Short-term fiscal pain should give way to long-term gain

Bluffton Today

Last Friday I had the pleasure of speaking before the governmental affairs committee of the Hilton Head Island/Bluffton Chamber of Commerce. They are a great bunch of folks who give so much to this community. Much of what we talked about was developments on the economic front and what out prospects are for the short and medium term. We also discussed the stimulus situation, especially how it seems to be gaining a little clarity through the action of the court.

It was nice to see John Van, who happens to be my neighbor, as well as an insurance executive. Also, I had a chat with Tony Guasto from Moss Creek who is in the mortgage business. My message to the Chamber was that from the state perspective, we are in for some near-term challenges, particularly in unemployment and revenue. The longer-term picture is much more positive. I believe we are seeing the low point of this cycle either right now, or very soon, to be followed by a painfully gradual upturn. Unfortunately, both employment and revenue are trailing indicators, which will begin to look up probably two quarters or so after retail and tourism.

One of the friends I was able to chat with at the Chamber event was Tom Upshaw, of Palmetto Electric Cooperative. Tom gently took me to task for a column of a few weeks ago when I was talking about net metering and its importance in the emergence of the green economy. Tom assured me that the Co-op does offer residential net metering and is working on different approaches to commercial net metering. What this means is if you live in the areas serviced by Palmetto Electric, you might start attending those POA meetings and making sure your neighborhood allows solar panels on your roof. If enough of us were making our own electricity and pushing against our electric meters, we might reduce the necessity for more coal fired power plants in our state. It’s just a thought.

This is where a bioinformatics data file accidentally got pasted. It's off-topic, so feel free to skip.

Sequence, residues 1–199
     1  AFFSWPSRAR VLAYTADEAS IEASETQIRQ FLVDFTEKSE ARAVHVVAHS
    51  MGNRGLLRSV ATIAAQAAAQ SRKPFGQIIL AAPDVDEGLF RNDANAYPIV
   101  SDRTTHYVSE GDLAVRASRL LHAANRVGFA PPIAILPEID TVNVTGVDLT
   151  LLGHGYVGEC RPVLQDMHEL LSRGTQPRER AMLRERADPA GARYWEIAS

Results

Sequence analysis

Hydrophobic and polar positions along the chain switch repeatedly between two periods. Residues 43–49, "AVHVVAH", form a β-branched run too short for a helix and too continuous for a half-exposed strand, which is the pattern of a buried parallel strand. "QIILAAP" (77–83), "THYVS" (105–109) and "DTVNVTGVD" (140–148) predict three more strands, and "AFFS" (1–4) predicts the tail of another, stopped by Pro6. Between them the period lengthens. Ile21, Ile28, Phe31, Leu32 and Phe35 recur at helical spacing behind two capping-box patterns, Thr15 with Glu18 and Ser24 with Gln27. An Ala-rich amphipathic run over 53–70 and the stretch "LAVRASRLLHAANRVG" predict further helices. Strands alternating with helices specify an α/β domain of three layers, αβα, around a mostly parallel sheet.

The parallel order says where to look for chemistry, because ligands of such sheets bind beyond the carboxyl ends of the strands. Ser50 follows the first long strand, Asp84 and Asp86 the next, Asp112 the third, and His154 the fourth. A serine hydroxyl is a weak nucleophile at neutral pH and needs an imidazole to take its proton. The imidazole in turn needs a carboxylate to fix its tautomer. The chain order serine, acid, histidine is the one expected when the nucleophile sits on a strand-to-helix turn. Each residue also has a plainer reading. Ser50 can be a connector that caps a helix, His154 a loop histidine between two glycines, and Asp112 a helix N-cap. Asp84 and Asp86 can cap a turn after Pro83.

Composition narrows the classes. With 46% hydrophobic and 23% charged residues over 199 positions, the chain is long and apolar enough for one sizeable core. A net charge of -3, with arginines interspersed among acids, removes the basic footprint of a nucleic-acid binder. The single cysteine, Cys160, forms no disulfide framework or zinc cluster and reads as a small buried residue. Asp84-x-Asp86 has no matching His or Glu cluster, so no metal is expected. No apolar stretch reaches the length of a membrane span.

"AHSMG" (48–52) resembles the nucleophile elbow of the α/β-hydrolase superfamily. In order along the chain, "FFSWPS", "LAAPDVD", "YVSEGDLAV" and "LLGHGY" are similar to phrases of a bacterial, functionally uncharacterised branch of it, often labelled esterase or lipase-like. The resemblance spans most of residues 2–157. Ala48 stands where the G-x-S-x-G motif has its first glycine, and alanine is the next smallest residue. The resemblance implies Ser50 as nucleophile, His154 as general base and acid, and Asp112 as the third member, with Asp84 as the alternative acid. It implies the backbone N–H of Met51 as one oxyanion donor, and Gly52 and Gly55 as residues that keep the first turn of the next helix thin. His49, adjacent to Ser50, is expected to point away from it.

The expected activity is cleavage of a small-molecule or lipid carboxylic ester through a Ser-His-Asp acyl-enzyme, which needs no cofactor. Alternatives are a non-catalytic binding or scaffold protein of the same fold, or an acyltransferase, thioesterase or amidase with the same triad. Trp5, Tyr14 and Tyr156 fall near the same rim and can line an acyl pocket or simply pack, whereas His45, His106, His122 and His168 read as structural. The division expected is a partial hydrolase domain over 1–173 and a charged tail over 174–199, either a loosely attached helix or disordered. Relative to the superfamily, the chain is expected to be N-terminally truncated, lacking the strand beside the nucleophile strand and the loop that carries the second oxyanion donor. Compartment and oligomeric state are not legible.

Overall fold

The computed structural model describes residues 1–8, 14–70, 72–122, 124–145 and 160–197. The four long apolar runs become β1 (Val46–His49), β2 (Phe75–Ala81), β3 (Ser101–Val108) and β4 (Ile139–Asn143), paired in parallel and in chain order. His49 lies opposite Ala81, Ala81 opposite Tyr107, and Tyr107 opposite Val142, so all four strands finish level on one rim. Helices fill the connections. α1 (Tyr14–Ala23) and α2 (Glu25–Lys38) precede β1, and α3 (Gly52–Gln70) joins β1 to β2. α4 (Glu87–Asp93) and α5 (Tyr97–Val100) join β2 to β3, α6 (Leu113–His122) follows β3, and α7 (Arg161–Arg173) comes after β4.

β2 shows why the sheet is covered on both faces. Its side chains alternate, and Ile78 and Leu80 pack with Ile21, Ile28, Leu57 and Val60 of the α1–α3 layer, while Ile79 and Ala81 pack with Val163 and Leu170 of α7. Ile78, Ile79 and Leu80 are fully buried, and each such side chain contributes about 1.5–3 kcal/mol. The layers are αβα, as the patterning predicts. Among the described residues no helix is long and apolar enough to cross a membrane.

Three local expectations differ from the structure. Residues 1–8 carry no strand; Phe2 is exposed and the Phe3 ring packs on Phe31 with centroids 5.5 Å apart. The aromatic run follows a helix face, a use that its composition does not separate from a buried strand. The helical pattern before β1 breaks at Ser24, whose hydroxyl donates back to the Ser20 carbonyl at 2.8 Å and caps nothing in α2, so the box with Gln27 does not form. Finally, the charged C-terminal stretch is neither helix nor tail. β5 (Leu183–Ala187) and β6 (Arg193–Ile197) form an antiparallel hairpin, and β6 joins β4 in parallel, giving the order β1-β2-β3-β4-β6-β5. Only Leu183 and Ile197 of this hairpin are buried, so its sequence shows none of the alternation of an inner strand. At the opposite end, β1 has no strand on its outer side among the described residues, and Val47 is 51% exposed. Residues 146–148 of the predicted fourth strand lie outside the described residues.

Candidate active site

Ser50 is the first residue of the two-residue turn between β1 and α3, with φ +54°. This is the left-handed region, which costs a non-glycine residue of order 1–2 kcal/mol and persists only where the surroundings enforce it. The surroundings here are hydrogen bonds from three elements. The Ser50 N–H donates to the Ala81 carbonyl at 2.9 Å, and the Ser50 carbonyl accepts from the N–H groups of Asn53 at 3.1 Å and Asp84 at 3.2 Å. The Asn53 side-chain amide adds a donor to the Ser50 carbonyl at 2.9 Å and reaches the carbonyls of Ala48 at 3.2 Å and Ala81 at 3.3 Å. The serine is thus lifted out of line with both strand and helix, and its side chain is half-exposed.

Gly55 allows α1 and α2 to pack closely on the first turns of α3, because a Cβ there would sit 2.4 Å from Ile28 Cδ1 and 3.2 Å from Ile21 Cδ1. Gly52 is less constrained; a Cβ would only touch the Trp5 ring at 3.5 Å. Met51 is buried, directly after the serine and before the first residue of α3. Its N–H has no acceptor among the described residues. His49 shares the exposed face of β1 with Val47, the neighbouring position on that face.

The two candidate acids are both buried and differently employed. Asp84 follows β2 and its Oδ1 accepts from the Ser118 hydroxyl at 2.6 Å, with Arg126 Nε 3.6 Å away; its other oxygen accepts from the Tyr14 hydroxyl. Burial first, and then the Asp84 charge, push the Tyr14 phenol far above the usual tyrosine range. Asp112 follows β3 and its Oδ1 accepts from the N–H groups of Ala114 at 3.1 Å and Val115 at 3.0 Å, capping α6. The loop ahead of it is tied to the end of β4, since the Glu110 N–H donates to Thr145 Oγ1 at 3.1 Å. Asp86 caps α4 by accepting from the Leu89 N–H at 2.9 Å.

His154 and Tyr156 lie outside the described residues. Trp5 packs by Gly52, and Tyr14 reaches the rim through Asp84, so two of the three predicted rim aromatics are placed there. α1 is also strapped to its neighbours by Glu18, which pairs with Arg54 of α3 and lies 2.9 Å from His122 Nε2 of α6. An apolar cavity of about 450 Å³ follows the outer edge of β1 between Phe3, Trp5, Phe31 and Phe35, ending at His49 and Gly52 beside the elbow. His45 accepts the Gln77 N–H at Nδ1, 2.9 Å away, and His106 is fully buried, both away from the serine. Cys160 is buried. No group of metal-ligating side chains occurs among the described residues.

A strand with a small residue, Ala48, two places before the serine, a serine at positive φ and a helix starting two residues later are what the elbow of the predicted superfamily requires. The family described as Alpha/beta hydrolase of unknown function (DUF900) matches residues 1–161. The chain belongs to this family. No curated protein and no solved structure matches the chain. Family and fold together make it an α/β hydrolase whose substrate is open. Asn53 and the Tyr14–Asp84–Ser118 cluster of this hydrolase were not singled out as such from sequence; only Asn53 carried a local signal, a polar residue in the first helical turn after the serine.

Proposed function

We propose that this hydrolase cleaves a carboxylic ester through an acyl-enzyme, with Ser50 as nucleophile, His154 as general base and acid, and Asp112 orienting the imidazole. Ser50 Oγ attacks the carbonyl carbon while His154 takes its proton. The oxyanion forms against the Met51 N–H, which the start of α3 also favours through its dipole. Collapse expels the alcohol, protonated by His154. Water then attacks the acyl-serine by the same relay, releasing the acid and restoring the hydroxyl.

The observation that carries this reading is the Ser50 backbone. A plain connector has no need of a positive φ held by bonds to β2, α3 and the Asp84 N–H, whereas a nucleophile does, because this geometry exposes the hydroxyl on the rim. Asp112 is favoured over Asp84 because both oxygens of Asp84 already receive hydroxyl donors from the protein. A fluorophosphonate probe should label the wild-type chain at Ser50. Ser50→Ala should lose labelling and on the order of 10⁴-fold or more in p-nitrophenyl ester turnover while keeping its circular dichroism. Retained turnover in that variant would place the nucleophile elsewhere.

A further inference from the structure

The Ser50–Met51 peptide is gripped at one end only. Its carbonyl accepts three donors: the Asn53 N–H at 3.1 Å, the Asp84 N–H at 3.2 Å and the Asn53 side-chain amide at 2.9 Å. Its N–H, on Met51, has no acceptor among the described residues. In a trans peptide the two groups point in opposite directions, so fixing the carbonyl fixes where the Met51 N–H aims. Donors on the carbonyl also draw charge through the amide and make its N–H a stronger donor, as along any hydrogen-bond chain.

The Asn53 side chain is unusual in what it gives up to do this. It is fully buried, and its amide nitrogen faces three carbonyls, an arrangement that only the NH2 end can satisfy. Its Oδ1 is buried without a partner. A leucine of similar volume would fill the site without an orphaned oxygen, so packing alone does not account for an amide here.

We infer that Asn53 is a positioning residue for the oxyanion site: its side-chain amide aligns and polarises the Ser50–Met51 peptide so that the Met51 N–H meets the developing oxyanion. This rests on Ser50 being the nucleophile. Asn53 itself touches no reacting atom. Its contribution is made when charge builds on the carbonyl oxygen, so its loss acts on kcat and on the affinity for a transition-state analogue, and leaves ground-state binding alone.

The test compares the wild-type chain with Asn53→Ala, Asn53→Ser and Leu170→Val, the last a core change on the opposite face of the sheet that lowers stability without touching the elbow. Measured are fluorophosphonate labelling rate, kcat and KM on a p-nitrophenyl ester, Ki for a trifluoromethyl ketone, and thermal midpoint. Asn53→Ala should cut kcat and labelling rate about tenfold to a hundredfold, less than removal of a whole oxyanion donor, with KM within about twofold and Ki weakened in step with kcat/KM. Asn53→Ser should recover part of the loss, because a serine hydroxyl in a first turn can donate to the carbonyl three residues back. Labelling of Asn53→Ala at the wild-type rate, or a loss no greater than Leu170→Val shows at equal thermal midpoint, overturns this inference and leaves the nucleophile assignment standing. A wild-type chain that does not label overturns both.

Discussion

I was unable to attend the showing, last Wed., of Greg Smith’s excellent documentary, Keeping the May River Wild, at the Bluffton Library. From all reports, the latest edition is even better than the one I saw a month ago. If you see Greg, encourage him to consider a few more screenings around the area. A modest cash contribution would also help to defray expenses and make more showings a greater possibility.

Friends, this documentary is an excellent recitation of the causes of our current problems with our waters. My greatest concern in this is that we, as a community, will assume that the recent reclassification of the shellfish waters of the May River is irreversible, a done deal. It is not. There are smart people working on this every day, but they need to know, as do their elected superiors, that you, the voters of southern Beaufort County, are expecting a solution to this problem. I believe the willingness is there, it just needs to be constantly reinforced. Greg Smith’s documentary is a vivid reminder to all of us what is at stake.

We are currently out of session, so don’t send mail to my Columbia office. I can most efficiently be reached at Better yet, come by to see me at my office in the Calhoun Street Promenade. The coffee is pretty good and I need to hear what’s on your mind.

Monday, June 1, 2009

Federal Stimulus is a bad idea we must accept

Bluffton Today